Pierre Huyghe is a producer of spectacular and memorable enigmas, with works that function more like mirages than as objects. Abyssal Plain (2015–ongoing), his contribution to the 2015 Istanbul Biennial, curated by Carolyn Christov-Bakargiev, was installed on the seabed of the Marmara Sea, some 20 metres below the surface of the water and close to...
In the early decades of its existence, New York's Museum of Modern Art (MoMA), founded in 1929, transformed from a philanthropic project modestly housed in a few rooms of the Heckscher Building on the corner of Fifth Avenue and 57th Street, to an alleged operating node in the United States' cultural struggle during the cold war, and one of the...
Hans Hartung and Art Informel at Mazzoleni London (1 October 2019-18 January 2020) presents key works by the French-German painter while highlighting his connection with artists active in Paris during the 50s and 60s. In this video, writer and historian Alan Montgomery discusses Hartung's practice and its legacy.Born in Leipzig in 1904, Hans...
ARARIO GALLERY Seoul | Samcheong presents The Most Ordinary Stories, a solo exhibition by Korean painter Jwa Haesun, on view from 5 July to 19 August 2018. Comprised of thirty-seven works ranging from the artist's latest colour paintings to a fifteen-piece series of charcoal drawings and accompanying handwritten texts, the exhibition examines Jwa's musings on 'the routine life' as it flows through her oeuvre.
In this exhibition, Jwa questions the 'most ordinary life' in her scenes of the everyday. Her unique method of applying high-density pigment layer by layer, only to wipe it away to start the process once again, forms the moody, dark-hued paintings that greet visitors on the first floor. The figures within her paintings, standing on the street, staring off into the distance, walking around, all with their identity otherwise indecipherable, encourage the viewer to make their own suppositions for the details of their stories. Landscapes where places of reality and memory coexist, the contrast of light and dark stimulate the imagination to warp familiar scenes into something entirely unfamiliar.
On the first basement floor, Jwa presents a series of fifteen charcoal drawings and fifteen short fiction texts, exhibited for the first time. These black-and-white landscapes on paper, manifested in line after repeating line to be rubbed and blended by hand, tell fragmentary stories of life. Connecting these creates a vast panorama spanning twenty meters in length, wherein the landscape and figures transcend reality and space-time to present 'the most ordinary stories' for everyone to empathise with. Meanwhile, the fifteen handwritten texts displayed alongside it convey first-person short stories based on real-life accounts the artist heard in the homes she worked in as a visiting art teacher. To evoke and delineate their individual voices, Jwa went so far as to borrow the hands of others to write out each one. Unlike the title The Most Ordinary Stories, the resulting tales portray aspects of life that are not so ordinary in the end. With these diverse accounts, the artist hopes we will reconsider the 'ordinary life,' and how, though we live it every day without second thought, its vision may in fact be the hardest of all to grasp.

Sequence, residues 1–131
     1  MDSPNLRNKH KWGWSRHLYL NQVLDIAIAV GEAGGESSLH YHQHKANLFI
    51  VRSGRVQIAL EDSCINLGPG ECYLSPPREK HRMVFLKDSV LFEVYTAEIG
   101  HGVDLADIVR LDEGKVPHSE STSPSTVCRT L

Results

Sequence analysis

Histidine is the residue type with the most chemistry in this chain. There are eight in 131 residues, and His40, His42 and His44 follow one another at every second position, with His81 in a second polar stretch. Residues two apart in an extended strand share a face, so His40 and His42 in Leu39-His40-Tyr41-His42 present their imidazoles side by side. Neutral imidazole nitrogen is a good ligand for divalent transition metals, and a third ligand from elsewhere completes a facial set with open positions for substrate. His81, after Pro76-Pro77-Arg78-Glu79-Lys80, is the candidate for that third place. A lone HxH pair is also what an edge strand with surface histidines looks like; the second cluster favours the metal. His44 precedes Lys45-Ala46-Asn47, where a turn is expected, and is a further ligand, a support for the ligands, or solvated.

Jwa Haesun was born in Jeju and received a B.F.A. and an M.F.A. from the Department of Oriental Painting at Sungkyunkwan University. Jwa held her first solo exhibition in 2010 and her second in 2015, and has participated in a number of group exhibitions, notably at Sun Yat-Sen Memorial Hall, Taiwan, 2010; Danwon Art Museum, Ansan, Gyeonggi-do, 2010; E-land Space, Seoul, 2012; ARARIO MUSEUM, Jeju, 2016.
With dark-and-bright contrasts throughout, young local painter Jwa Haesun's portraits of ordinary people remind us of our own memories of numerous overlooked encounters. Her portraits of unknown people have the power to evoke questions on the otherness of the others and the solitude that we feel among a crowd of unknowns.
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